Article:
Pond UV Clarifiers
Algae Control - No more green water
What's the difference between a UV Clarifier and a UV Sterilizer?
UV-Clarifiers are used to kill algae along with some disease organisms. The water flows through UV-Clarifiers faster than the UV-Sterilizers.
UV-Sterilizers kill 99% of floating algae as well as other living organisms. They do not harm the beneficial bacteria that grow in filters and on rocks, etc. in the pond. They kill the organisms that are floating in the pond water.
For Koi keeping it is best to opt for a UV sterilizer because it not only clears 'Green Water' but, as the term 'Sterilizer' infers, it also sterilizes the water itself - thus helping to kill the harmful Bacteria that lives in the water.
How does a UV Filter clear green water?
Single-celled green algae, (Chlorella vulgaris) require light and nutrients to thrive. It is one sign that your pond is generally healthy, and it even makes a great food additive for farm animals, but it doesn't do much for your overall enjoyment of viewing Koi!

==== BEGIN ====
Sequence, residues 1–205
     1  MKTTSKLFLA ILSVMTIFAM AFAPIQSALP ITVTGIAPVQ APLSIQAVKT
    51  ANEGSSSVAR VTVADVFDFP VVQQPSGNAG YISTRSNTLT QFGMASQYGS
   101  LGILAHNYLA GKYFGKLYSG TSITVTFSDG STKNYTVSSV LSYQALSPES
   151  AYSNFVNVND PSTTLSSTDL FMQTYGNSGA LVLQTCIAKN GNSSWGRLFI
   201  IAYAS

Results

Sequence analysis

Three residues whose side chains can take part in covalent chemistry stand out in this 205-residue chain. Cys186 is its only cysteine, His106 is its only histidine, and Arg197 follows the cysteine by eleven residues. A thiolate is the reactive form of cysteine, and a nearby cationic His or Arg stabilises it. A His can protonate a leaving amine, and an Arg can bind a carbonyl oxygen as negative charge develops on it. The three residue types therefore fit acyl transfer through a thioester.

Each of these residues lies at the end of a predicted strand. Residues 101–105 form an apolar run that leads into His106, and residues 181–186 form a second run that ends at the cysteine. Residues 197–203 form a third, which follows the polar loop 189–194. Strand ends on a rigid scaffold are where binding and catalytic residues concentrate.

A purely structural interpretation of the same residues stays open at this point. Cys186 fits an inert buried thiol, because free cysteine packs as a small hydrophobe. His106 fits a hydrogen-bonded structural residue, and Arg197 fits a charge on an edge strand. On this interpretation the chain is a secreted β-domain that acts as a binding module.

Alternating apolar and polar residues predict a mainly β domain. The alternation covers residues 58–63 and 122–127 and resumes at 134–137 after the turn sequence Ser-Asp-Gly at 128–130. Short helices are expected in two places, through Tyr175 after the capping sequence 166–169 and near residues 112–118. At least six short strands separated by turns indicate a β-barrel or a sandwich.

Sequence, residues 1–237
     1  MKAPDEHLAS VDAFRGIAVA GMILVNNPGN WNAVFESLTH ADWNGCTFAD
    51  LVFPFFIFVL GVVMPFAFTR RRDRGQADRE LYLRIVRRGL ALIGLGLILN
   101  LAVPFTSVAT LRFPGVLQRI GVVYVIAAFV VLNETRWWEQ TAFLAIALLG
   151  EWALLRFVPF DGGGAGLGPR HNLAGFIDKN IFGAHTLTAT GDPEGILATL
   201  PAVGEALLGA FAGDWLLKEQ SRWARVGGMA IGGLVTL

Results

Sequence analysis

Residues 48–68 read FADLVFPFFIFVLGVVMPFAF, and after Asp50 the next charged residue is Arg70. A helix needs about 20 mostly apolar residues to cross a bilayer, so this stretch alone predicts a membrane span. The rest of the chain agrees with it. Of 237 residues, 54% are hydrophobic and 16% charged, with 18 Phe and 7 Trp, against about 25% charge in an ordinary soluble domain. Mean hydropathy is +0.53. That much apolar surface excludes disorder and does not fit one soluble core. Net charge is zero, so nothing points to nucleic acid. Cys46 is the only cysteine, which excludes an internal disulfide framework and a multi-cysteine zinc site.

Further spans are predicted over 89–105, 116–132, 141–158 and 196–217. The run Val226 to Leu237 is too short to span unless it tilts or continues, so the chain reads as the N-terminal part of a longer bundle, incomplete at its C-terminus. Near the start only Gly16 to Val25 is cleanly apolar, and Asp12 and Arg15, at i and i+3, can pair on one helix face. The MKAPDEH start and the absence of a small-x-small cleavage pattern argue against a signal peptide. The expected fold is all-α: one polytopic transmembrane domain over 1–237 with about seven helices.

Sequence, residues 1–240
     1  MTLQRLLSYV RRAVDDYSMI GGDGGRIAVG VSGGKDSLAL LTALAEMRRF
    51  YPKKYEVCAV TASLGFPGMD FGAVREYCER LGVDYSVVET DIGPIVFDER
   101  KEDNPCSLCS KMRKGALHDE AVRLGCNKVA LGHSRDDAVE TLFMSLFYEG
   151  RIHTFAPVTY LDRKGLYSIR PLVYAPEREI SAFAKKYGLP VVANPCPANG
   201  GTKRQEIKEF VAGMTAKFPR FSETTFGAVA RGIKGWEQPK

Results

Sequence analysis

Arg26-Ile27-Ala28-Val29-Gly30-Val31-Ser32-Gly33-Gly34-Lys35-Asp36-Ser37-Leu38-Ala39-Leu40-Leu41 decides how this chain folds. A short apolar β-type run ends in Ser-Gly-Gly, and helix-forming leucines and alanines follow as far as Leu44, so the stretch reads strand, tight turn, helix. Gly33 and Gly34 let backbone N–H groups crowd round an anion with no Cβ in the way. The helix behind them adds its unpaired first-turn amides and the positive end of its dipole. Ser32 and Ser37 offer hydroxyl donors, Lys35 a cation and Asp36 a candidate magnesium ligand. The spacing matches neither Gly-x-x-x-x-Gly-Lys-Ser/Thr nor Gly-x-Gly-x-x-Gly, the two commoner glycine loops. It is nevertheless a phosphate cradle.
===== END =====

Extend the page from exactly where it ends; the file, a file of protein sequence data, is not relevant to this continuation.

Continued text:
The small algae cells can pass through all conventional filter, so physically filtering them out in their normal form is next to impossible. However, passing the cells through a UV disrupts their internal structure, if not actually killing them, at which time they clump together or 'flocculate'. These clumps can then be trapped and broken down by the filter.
When to use a UV:
Most Koi keepers will keep their unit(s) on year round. But for small garden ponds you may find that only in the spring, with the combination of longer days and an upsurge in fish activity, is UV necessary. If you do run your UV year-round, it must be protected from frost in a well-ventilated housing. Remember it is important to replace your UV lamps annually for peak performance.
How much UV do you need for your pond?
Purely for green water eradication, 8-10 watts per 1,000 gallons is usually recommended, but some pond keepers will maintain that, for a reduction of bacterial levels, this can be increased threefold to 30 watts. Other factors to consider are of course flow rates, and stocking levels.
Should you have any questions regarding UV, we'll be only too happy to help you.